Quote:
" Armour seems to have been fairly rare at first (Lambert Simnel had some unarmoured Lansknecht pikemen who got badly shot up by the longbow at Stoke at 1487) but more widespread later; mail caps and shirts were favoured but wealthier individuals could wear plate corselets, with or without laminated 'skirt' or fauld. In a wargame unit, it would be realistic to have the front rank in corselets, the rest in mail or unarmoured."


However Gush removed that quote when he published the articles in a revised and updated form as a book in 1975. He was quite right to do so as there is nothing in the primary sources for Stoke Field that supports such a claim, it was the lighly equipped Irish who suffered from archery not the German & Swiss of Martin Schwarz who are described as well equipped with both arms & armour and as fighting long and hard in close combat.

It should be noted that Gush was not well read on German armies, his bibliography lists only 4 germans books, 2 about Wallenstein's army, one about the military border in Croatia and a single one about Landsknechts. All the rest of his information is taken from English language books many of which are well known for their poor treatment of for example the Landsknechts. A good example is the (in)famous Charles Oman who rewrote the history of the Italian Wars to hide the achivements of German troops in those wars as far as possible.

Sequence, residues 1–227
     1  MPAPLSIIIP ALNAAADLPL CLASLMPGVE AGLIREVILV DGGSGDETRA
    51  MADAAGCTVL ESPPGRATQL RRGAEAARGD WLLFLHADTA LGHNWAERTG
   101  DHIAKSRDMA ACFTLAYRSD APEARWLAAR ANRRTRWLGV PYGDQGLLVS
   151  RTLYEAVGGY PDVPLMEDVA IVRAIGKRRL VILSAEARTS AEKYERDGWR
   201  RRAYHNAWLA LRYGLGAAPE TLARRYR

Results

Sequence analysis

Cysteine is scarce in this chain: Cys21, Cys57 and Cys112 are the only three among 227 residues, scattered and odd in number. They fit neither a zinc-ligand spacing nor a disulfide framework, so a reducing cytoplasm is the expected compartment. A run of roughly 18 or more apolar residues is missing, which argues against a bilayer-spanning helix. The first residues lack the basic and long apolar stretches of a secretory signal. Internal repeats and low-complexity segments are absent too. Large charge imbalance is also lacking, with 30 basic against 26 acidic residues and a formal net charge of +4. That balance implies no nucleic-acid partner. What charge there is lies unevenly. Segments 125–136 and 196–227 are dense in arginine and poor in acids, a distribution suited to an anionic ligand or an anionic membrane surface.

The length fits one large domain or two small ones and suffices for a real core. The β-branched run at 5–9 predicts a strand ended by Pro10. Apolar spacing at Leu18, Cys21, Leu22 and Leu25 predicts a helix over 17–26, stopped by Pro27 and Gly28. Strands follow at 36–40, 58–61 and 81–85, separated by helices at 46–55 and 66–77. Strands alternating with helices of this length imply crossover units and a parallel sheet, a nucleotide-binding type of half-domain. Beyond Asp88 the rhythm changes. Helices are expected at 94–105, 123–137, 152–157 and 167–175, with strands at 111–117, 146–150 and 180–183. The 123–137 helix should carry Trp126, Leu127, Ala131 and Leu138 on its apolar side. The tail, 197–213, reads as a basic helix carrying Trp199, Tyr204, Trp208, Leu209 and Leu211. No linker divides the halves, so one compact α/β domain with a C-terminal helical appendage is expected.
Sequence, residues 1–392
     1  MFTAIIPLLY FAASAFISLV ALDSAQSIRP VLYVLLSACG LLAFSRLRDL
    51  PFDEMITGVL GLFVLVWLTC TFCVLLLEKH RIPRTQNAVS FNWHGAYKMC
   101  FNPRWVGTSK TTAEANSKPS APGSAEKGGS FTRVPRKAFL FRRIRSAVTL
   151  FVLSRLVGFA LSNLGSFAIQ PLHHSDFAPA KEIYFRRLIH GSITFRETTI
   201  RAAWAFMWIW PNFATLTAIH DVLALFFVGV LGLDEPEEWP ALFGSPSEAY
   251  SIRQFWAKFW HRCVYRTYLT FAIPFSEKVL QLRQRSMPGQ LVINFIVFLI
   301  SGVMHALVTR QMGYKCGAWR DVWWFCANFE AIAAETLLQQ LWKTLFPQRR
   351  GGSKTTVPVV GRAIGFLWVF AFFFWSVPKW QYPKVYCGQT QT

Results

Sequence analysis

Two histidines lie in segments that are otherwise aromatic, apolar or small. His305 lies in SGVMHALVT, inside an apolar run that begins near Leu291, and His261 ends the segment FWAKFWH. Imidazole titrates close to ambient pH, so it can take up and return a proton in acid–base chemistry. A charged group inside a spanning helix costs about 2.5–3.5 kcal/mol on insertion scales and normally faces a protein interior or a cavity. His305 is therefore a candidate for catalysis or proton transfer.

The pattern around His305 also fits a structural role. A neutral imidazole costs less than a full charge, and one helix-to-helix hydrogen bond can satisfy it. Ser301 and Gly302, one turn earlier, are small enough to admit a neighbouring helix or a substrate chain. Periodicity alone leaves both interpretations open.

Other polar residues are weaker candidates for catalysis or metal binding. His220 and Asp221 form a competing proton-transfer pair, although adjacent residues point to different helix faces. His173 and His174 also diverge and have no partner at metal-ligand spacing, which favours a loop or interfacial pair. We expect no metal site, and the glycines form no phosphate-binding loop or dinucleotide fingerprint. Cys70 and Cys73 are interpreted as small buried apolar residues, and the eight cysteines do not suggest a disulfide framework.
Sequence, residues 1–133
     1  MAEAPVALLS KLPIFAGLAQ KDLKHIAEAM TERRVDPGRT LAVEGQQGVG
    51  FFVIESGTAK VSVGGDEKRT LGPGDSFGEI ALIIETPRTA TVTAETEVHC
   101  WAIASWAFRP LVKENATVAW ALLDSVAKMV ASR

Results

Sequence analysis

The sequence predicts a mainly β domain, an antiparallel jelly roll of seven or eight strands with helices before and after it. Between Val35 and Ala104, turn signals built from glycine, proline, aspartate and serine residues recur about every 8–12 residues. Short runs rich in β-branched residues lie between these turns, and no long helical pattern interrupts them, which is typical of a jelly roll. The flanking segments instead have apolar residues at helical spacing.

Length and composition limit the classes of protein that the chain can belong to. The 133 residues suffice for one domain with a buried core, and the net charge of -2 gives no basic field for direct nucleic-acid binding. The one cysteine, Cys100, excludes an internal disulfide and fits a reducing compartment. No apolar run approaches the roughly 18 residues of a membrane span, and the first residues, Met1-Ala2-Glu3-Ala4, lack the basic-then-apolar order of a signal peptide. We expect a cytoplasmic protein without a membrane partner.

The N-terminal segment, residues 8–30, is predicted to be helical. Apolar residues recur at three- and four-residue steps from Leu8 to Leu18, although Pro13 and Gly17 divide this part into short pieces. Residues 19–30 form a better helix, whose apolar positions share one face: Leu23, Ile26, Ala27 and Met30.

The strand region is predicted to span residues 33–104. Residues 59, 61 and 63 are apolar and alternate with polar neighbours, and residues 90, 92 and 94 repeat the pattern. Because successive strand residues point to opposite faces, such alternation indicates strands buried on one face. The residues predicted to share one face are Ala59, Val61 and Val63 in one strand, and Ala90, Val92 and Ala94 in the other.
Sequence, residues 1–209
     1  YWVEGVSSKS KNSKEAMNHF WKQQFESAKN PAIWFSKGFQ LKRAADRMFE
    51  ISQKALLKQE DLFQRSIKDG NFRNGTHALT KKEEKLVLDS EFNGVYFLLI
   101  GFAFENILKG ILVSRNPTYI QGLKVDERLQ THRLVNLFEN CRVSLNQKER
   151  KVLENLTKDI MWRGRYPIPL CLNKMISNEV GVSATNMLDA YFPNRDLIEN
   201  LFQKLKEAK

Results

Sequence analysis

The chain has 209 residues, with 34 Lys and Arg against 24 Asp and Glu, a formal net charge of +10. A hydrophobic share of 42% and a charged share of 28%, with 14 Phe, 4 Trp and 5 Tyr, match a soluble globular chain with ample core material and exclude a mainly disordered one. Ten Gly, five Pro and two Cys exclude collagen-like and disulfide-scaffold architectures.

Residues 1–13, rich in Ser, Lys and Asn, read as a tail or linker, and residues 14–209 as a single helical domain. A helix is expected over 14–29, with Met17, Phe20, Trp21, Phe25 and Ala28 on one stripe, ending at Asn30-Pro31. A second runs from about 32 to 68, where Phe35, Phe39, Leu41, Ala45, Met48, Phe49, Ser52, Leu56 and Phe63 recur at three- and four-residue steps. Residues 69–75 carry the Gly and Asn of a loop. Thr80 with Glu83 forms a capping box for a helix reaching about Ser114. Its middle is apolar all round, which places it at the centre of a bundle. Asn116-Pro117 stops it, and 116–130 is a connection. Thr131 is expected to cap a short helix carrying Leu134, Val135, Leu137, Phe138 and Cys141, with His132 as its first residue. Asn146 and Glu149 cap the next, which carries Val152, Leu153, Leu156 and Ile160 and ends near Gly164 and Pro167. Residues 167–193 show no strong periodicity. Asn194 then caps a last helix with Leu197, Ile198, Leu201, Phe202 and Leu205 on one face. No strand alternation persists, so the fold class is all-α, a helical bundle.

"There is nothing more hazardous than to venture a battle. One can lose it
by a thousand unforseen circumstances, even when one has thorougly taken all
precautions that the most perfect military skill allows for."
-Fieldmarshal Lennart Torstensson.
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Pedro Paulo Gaião




Location: Rio de Janeiro, Brasil
Joined: 14 Mar 2015

Posts: 249

PostPosted: Sat 12 Aug, 2017 5:41 am    Post subject: Re: early landsknechts vs late era landsknechts i.e 1510 vs         Reply with quote

Daniel Staberg wrote:

I have found nothing about Stoke Field in the writings of Georges Duby, however English historian George Gush included such a claim in his original series of articles published in Airfix Magazine:

Quote:
" Armour seems to have been fairly rare at first (Lambert Simnel had some unarmoured Lansknecht pikemen who got badly shot up by the longbow at Stoke at 1487) but more widespread later; mail caps and shirts were favoured but wealthier individuals could wear plate corselets, with or without laminated 'skirt' or fauld. In a wargame unit, it would be realistic to have the front rank in corselets, the rest in mail or unarmoured."